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Floors

Carman, Patrick (Book - 2011 )
Average Rating: 4 stars out of 5.
Floors
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Scholastic
Charlie had his chocolate factory. Stanley Yelnats had his holes. Leo has the wacky, amazing Whippet Hotel.

There's mystery and adventure on every floor.

There's no other place quite like the Whippet Hotel. Each and every floor has its own wacky design--and its own wacky secrets. The guests are either mad or mysterious. And ducks are everywhere.

Leo Fillmore should know everything there is to know about the Whippet Hotel--he is the janitor's son, after all. But a whole lot more mystery gets thrown his way when four cryptic boxes are left for him...boxes that lead him to hidden floors, strange puzzles, and an unexpected friend or two.

Join Leo as he takes the ride of his life, without ever having to step outside. As the hotel starts to falling apart and the mystery thickens, there's only one thing Leo can know for sure: The future of the Whippet Hotel depends on him.


Authors: Carman, Patrick
Title: Floors
Publisher: New York : Scholastic Press, 2011
Edition: 1st ed
Characteristics: 261 p. : ill. ; 22 cm
Contents: Ten-year-old Leo's future and the fate of the extraordinary Whippet Hotel, where his father is the maintenance man, are at stake when a series of cryptic boxes leads Leo to hidden floors, strange puzzles, and unexpected alliances
Additional Contributors: Turnham, Chris
ISBN: 9780545460927
0545255198
9780545255196
Branch Call Number: J FICTION CARMA...P
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This book is amazing. It has a great storyline and pulls you in. And, the best part is that it is a quick read! I would definately reccomend this book to anyone who enjoys a book filled with adventures..... and ducks!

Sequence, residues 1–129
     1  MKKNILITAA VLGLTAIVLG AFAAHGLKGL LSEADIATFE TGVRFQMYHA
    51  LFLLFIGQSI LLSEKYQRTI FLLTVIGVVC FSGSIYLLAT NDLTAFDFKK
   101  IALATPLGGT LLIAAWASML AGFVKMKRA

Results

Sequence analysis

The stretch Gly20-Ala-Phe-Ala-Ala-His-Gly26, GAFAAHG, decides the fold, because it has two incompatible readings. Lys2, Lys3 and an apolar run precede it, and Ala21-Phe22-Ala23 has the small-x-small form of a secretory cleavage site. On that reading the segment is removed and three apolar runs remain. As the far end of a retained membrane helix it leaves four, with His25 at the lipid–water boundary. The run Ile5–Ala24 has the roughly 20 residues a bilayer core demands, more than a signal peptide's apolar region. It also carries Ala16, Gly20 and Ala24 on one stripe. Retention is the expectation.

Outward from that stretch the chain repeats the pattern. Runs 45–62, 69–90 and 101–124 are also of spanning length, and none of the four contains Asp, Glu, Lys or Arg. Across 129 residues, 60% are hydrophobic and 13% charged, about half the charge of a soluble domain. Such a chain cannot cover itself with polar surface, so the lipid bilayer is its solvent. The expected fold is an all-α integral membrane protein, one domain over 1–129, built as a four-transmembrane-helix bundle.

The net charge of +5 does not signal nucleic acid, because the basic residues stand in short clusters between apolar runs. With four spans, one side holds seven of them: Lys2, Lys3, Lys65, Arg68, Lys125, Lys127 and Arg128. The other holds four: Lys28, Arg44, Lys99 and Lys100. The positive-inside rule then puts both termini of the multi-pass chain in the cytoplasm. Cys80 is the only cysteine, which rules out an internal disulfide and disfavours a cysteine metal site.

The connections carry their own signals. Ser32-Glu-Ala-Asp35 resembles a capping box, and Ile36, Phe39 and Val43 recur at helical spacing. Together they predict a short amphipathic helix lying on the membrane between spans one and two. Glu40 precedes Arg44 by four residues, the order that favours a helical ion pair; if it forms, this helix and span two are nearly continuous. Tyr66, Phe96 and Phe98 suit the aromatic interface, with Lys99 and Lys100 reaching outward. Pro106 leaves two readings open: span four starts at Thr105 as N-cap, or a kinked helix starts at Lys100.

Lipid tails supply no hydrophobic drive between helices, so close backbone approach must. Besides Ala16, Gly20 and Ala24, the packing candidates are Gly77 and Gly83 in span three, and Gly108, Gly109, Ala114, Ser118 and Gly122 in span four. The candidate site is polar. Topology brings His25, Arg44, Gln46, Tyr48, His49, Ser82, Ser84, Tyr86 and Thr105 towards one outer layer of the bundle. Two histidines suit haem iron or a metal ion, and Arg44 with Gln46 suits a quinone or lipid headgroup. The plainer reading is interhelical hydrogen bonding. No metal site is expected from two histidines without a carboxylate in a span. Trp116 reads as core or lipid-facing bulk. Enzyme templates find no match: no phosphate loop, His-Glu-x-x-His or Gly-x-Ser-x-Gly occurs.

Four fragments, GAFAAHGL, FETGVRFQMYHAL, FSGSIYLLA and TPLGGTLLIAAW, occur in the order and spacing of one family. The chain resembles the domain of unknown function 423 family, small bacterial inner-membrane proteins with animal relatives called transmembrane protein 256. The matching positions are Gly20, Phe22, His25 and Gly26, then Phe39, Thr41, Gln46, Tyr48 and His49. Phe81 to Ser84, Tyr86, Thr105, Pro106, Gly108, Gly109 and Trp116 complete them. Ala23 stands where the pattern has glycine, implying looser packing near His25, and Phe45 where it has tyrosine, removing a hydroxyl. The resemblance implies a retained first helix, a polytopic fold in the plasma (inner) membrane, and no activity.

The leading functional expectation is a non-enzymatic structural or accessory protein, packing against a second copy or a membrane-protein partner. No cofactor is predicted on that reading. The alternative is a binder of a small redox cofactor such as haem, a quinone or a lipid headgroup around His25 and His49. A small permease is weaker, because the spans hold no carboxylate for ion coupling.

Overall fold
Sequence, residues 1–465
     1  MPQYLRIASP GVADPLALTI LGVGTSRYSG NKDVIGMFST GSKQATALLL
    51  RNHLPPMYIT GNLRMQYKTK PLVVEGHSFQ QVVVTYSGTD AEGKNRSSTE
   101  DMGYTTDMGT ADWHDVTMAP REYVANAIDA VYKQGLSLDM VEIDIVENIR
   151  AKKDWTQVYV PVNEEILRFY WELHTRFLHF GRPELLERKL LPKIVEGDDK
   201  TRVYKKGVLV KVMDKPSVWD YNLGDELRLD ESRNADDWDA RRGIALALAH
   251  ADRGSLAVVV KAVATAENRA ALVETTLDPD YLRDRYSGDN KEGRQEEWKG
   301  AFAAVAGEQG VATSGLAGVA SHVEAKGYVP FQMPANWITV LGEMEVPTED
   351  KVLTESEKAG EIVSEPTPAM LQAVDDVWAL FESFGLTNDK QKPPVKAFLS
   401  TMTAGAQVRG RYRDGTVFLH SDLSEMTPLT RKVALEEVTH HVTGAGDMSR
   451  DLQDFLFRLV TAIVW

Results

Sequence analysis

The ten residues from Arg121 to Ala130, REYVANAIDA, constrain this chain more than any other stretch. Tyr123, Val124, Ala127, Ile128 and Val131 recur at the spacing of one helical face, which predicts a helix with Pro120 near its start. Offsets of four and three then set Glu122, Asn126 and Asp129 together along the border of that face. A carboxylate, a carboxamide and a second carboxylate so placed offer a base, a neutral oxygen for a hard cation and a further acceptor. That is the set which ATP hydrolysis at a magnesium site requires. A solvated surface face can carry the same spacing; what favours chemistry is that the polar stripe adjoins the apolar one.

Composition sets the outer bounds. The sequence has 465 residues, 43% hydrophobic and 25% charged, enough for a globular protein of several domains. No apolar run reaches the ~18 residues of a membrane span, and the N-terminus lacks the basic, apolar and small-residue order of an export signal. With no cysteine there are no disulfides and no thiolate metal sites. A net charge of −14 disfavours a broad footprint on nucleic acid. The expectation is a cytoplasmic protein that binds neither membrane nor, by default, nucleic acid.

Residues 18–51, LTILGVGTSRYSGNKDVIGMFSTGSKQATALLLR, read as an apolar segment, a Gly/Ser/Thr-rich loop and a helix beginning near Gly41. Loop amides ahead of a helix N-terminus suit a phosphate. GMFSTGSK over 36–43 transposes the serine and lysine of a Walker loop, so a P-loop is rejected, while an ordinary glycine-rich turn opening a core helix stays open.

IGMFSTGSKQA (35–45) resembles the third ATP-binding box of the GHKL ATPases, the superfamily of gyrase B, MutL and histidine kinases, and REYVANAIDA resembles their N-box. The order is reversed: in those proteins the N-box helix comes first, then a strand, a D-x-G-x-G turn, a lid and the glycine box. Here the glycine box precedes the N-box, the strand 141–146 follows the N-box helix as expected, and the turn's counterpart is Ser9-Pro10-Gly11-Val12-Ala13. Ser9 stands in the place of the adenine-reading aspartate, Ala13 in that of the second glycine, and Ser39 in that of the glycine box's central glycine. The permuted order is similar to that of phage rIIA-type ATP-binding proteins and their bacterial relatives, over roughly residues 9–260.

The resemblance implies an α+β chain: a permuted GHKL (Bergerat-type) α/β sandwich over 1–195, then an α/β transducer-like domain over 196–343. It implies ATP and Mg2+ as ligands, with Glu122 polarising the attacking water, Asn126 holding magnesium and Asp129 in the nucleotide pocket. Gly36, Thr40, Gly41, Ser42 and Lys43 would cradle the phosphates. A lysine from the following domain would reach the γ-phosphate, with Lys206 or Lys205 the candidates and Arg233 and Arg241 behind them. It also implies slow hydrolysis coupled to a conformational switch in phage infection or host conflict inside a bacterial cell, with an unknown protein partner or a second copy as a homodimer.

Welcome to the very weird, very mysterious, and thoroughly wonderful Whippet Hotel!

Every floor of the old building, where ten-year-old Leo Fillmore helps his father who is the caretaker, contains surprises and secrets. The building has an unusual design, and each room has a different theme. For example, the Pinball Room functions like a giant pinball machine. There is a Robot Room, a Room of Ponds and Caves, and a Duck Elevator.

The hotel’s guests are also quirky, such as the paranoid Captain Rickenbacker, the obsessive author Theodore Bump, and the colony of pumpernickel bread-loving ducks living on the roof.

Now, it appears that someone is trying to sabotage the hotel. Unexpected problems with the building are suddenly popping up everywhere. Merganzer Whippet, the hotel’s eccentric owner and architect, has disappeared. No one has seen or heard from him for a hundred days - and the mean manager, Ms Sparks, is in charge.

One day Leo discovers a mysterious box which proves to be the first of four containing cryptic clues to the hotel’s secrets and Mr. Whippet’s whereabouts. Leo finds himself involved in a mystery which must be solved – before it’s too late.

In following the clues, he encounters hidden floors, strange puzzles, fantastical inventions, nefarious characters, and plenty of surprises - as well as the answers he needs.

Ten-year-old Leo is an appealing, likeable protagonist, and readers will also enjoy the sequel to this imaginative story, entitled 3 Below. Both books would be perfect for fans of Lemony Snickett and Roald Dahl books.